Mcor is also in partnership with Staples Office Centre, offering 3D printing to the masses. It would seem to be a strictly European partnership as I couldn’t find anything here on this side of the ocean. Just another case of trying to keep the colonies down, I suppose.
Conor, Fintan, and their team have come up with something pretty cool here. The printers have the ability to produce living hinges, full-color prototypes, and cool models, all in a desktop package. Well, that may be a bit of a stretch. It will fit on a desktop, but you’d want to use the table that comes with the printer. The prints can be sealed and sanded to better improve the resolution and to protect them from water. The examples they had on display were impressive, having been created with paper. The $30,000 price tag on the Iris isn’t too bad, comparatively speaking, but the consumables costs are lower than any others.
Am I sold on Mcor? I certainly like what they can do and I also like that they’re environmentally friendly. Their printing capabilities are on par with other companies out there. Their price point is very good, which should keep ROI on the short side. Taking all that into consideration, yes, I’m sold.
Since I started becoming more involved in the SolidWorks community, I’ve had the opportunity to meet a lot of interesting people. Just a couple of weeks ago, I got to meet another.
I’d first heard of Bob Jensen when I sent out an email to our local user group trying to drum up people interested in talking with a SolidWorks employee that was going to be coming through town. Bob responded, and I remember being intrigued by his story. Fast forward a bit, and I was telling my most excellent girlfriend how I was having a bit of trouble coming up with mesmerizing topics for my blog with which to keep my readers coming back. She suggested finding people who were doing unusual things and, voila, Bob came to mind. A few well placed bribes got me his email address and an extremely well-crafted email got Bob to agree to meet with me.
A bit of background on Bob. He owns a local burger chain called Burgermaster. His father started it back in 1952 and they now have five restaurants. They’re like the drive-ins of old: pull up, read the menu, turn on your lights when you’re ready, food served on a tray hanging off your window. All that’s missing is the cute girls on roller skates…
Anyway, Bob had been using DesignCAD for over 20 years when he decided he wanted to be able to do more. He jumped online and found Autodesk Inventor, so he contacted a local Autodesk reseller and headed downtown for a 4 hour seminar. This was his first real exposure to 3D CAD and the parametric world. During the presentation Bob heard the phrase “it’s just like SolidWorks” numerous times, prompting him to write down ‘SolidWorks’. After the presentation, he obtained a demo version of Inventor to try it out at home. He was less than impressed and turned to the internet to find out about SolidWorks. He found a local reseller (CAE NorthWest, now Hawk Ridge) and went to see one of their presentations. Impressed, he asked for a demo and took it home. He was hooked. He bought a seat of SolidWorks Premium.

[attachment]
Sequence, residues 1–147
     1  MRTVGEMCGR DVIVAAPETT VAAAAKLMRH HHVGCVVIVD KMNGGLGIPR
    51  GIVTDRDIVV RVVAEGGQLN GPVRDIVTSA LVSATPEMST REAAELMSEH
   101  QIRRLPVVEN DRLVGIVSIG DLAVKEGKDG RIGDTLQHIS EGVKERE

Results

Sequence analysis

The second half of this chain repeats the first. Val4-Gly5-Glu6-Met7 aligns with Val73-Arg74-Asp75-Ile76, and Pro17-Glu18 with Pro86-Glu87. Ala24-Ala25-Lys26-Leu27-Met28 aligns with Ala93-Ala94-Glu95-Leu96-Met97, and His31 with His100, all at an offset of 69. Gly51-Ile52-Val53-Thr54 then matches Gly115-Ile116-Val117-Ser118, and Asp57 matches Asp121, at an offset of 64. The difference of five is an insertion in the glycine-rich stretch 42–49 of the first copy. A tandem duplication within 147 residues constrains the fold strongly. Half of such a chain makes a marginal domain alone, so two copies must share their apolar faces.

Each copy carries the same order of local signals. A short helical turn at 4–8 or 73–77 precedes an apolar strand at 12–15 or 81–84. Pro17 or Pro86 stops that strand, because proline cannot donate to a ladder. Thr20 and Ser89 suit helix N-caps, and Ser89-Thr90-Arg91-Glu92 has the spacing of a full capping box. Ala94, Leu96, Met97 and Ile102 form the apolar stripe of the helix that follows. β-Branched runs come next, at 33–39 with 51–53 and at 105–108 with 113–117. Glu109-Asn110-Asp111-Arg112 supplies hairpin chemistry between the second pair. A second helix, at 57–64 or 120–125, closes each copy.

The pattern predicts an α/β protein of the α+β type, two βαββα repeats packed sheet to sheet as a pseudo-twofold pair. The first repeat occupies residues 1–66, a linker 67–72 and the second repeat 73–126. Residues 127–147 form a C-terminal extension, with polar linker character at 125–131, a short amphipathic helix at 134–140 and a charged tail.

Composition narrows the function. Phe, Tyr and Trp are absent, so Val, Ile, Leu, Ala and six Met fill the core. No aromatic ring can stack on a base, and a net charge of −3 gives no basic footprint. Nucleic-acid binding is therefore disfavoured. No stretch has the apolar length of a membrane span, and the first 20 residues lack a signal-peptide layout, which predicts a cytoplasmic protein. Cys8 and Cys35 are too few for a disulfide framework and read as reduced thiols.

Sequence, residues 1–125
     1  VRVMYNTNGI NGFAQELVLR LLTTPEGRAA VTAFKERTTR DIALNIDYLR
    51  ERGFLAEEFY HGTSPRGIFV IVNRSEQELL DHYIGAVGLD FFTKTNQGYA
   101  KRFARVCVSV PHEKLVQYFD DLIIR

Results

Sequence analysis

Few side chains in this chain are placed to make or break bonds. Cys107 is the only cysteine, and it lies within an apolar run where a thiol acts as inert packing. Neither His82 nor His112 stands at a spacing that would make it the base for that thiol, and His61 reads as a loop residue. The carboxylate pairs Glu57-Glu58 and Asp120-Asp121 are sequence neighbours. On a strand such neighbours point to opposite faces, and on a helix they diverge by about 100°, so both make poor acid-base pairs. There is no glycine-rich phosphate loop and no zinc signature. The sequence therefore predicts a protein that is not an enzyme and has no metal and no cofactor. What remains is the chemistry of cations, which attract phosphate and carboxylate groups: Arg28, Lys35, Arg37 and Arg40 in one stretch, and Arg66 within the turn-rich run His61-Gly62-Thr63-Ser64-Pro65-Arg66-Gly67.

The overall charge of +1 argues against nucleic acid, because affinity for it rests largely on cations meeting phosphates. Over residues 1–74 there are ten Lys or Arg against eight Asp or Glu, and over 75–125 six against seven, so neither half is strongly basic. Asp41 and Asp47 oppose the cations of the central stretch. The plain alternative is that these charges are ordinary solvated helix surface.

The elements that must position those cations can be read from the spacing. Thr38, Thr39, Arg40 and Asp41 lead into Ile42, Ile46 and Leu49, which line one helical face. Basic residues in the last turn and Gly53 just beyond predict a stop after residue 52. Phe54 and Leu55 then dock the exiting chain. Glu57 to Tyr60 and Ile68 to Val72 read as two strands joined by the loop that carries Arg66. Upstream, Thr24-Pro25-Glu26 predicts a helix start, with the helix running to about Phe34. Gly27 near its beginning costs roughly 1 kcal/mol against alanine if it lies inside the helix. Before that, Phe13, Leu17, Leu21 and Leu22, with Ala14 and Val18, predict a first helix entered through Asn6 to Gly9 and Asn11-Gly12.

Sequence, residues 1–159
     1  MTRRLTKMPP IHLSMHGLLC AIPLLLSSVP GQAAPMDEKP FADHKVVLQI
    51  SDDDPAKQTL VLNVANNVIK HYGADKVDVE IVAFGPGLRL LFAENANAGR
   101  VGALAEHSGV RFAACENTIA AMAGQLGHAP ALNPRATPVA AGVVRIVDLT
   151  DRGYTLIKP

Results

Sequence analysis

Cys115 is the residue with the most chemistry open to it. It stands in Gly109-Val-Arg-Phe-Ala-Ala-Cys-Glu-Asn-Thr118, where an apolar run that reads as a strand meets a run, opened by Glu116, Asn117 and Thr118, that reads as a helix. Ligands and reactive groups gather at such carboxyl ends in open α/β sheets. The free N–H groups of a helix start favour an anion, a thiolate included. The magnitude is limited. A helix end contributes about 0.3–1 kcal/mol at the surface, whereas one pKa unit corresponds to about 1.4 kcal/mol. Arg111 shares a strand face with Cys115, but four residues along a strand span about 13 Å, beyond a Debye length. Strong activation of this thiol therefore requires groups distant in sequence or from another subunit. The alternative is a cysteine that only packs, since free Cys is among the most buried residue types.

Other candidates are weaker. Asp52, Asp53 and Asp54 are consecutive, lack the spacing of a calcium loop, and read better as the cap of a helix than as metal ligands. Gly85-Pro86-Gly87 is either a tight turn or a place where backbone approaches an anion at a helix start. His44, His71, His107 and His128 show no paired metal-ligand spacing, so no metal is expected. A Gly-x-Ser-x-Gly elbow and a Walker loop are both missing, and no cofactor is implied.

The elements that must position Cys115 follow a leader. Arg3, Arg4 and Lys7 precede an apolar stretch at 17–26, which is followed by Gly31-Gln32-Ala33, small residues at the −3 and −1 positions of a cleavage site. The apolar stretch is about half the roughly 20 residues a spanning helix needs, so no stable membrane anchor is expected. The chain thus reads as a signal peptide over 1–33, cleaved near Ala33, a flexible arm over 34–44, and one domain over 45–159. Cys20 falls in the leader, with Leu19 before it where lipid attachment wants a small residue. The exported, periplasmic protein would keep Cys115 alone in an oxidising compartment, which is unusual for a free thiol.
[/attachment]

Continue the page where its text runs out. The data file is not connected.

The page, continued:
Bob then turned his sights on a project he had at one of his restaurants. He needed to redesign the kitchen for efficiency as it was one of his busier stores and the kitchen was just too cramped. So, he spent the next year learning SolidWorks, via reseller and private lessons, and designing the new kitchen. He knew a contractor would want to shut the restaurant down, spend exorbitant amounts of money and continually push out the completion date. This would work for Bob.
After designing the kitchen, he designed the plan to renovate it. He rented a storage unit and started prefabbing the components for the kitchen with uni-strut and sheetmetal with his maintenance guy. They’d then go into the kitchen after closing and install the panels. They built out a new wall so that the electricians could come in and begin the re-wiring, all of which Bob had laid out with routing. Then, on a Monday night, Bob and his team rolled into the restaurant and completed the whole renovation in 12 hours. They doubled the kilowatt output, improved the efficiency and and lessened the work needed to complete orders. Bob spent a total of $120,000 on the renovation, including the cost of SolidWorks and a dump trailer. By his estimate, he saved $180,000 by not having a contractor come in and do the work. With that one job, SolidWorks had paid for itself many times over.